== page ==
Tag Archives: knitting

faces and places: melanie hodgson

Part of a series introducing some of the places and people we’ve come across since moving to Scotland. Some you may already know but, more often than not, they will be new to you. I hope you enjoy them as much as I do…

Mel, Flamborough Head

Mel, Flamborough Head

Mel and I met through a few years ago through a lovely Melbourne friend who kept insisting that we’d get along beautifully because of our mutual appreciation for woolly wools. Turns out we have a lot of other things in common but fibre is definitely at the core of our friendship!

Mel is a Yorkshire lass who has recently moved back there after nine hot summers in Australia and she is as happy as can be to be back in her homeland! I think what I appreciate most about Mel is her commitment to integrity. She really gives herself 100% to whatever she is doing, whether that is baking sourdough, growing food plants, caring for her patients at work or working with fibre and yarn: it’s all or nothing and she gives her whole heart. I’ve been very fortunate to be on the receiving end of her care, both in helping me get my bearings and in finding wonderful, interesting people and movements happening here in the UK and I will be forever grateful for her care and support.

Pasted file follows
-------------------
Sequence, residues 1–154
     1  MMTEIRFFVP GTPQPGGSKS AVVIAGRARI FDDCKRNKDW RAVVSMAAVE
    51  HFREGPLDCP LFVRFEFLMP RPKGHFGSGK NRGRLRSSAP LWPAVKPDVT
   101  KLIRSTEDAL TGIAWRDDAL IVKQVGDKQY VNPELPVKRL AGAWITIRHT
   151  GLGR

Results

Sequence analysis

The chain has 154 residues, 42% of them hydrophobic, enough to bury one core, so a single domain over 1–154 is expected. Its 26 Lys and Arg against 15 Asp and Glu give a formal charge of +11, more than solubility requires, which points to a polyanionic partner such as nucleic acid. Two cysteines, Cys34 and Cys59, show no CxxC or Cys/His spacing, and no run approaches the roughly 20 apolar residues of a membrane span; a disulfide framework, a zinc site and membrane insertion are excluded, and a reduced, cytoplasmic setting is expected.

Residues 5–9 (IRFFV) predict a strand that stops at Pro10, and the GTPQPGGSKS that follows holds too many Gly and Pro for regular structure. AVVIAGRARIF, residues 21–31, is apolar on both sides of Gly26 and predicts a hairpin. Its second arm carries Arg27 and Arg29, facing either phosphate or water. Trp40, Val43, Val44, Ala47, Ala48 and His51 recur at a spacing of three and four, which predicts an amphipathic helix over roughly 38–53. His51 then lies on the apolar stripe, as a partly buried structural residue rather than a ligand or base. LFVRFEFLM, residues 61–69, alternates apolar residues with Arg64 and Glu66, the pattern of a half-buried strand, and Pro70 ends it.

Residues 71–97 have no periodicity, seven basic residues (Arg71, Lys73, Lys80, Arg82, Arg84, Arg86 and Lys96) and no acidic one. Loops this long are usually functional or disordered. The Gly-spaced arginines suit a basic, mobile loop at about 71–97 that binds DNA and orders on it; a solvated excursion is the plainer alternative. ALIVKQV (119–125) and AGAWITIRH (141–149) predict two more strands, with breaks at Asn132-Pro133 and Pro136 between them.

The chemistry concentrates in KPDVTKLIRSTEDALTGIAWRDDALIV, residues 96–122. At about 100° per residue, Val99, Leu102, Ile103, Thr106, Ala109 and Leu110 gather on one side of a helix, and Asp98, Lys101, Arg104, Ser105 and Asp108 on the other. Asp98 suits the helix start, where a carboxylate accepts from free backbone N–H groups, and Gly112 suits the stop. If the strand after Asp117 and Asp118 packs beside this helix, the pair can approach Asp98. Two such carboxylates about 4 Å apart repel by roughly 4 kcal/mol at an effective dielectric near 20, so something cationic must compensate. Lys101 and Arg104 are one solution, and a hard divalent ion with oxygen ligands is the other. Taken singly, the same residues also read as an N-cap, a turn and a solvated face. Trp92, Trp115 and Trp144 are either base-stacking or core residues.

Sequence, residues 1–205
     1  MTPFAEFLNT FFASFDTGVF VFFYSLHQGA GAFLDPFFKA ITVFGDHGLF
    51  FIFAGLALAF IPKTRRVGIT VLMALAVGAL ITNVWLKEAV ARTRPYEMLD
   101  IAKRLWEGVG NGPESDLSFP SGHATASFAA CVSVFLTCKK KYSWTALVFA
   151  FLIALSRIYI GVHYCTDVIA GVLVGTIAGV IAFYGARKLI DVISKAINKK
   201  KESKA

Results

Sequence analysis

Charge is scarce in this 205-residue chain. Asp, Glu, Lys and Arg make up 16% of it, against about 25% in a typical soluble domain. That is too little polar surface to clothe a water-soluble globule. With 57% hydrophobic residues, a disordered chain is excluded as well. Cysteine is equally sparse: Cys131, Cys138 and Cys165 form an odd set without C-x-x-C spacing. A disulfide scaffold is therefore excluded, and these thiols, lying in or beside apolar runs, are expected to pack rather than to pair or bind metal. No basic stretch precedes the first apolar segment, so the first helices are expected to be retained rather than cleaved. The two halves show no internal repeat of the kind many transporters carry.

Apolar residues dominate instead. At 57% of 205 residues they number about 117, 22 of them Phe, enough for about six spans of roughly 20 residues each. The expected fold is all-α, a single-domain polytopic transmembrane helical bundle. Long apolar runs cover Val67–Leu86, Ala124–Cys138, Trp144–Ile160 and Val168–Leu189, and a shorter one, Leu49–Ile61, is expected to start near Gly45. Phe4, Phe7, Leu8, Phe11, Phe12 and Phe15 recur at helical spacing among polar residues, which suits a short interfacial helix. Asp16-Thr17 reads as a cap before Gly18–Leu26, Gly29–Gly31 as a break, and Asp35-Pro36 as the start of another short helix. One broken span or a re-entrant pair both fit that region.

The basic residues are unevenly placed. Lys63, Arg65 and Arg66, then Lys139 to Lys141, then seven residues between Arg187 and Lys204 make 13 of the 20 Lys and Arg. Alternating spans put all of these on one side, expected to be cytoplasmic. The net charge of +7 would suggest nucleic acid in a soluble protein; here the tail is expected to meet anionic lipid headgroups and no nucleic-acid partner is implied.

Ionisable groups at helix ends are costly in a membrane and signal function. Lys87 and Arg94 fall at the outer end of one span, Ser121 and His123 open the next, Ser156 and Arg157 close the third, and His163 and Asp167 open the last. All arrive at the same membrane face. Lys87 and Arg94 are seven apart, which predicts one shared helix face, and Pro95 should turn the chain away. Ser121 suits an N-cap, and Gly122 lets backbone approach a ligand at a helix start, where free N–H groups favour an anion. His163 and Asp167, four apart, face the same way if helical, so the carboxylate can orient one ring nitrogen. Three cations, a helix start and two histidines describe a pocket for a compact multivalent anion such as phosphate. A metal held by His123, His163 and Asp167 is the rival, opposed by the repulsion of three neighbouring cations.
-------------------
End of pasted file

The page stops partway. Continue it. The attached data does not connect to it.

Not only does Mel knit very lovely things for herself, her loved ones and her home, she also prepares and spins her own fibre and yarn… Being a Yorkshire girl at heart, she has a strong affinity for local sheep breeds and has sourced fibre from all kinds of British and/ or rare and conservation breeds, like Masham, Swaledale and Whitefaced Woodland and, by blending fibres and colours to create tops, she spins the most lovely, heathered, tweedy yarns.

She combs or cards fibres….

Raw, combed fibre

Combed Jacob fibre

Whitefaced Woodland and coloured merino tops

Whitefaced Woodland and coloured merino

… and spins them into heavenly yarn…

Bluefaced Leicester

Bluefaced Leicester, with the most incredible lustre and definition


Squishy Shetland

Pure angora yarn

Pure, spindle-spun angora yarn in all its fuzzy glory

Odds and ends, Navajo-plied

Odds and ends of singles plied into a beautiful, random yarn

… which she then knits into beautiful, sturdy, cosy knits that are all about enveloping and making one feel loved and held, the way Mel herself does.

Gradient-spun sock

Gradient-spun socks from Bluefaced Leicester fibre, dyed by the Thylacine, Tasmania

Mel's Follow Your Arrow in North Ronaldsay 4ply

Detail from Mel’s Follow Your Arrow in North Ronaldsay 4ply

Compared to Mel, I’m not much of a spinner, but I think that common grounding helps us really get each other and the way we see and feel fibre!  We certainly agree that fibre dyed in the fleece and then blended before spinning results in the most beautiful yarns and hope to one day collaborate in making yarn…

In the meantime, we’ve got Shetland Wool Week to look forward to, plus some dyeing with the avocado skins that Mel’s been stashing in her freezer for months (did I mention her dedication?!) and plenty of other adventure planned. I can’t wait!

(I wish I had more photos of her finished knits but my camera lens broke while I was visiting and photographing her work and so these are all I have for you- but do go and find Mel and her knits on Ravelry and at recipeforayarn)

woolful, edinyarnfest and the craft sessions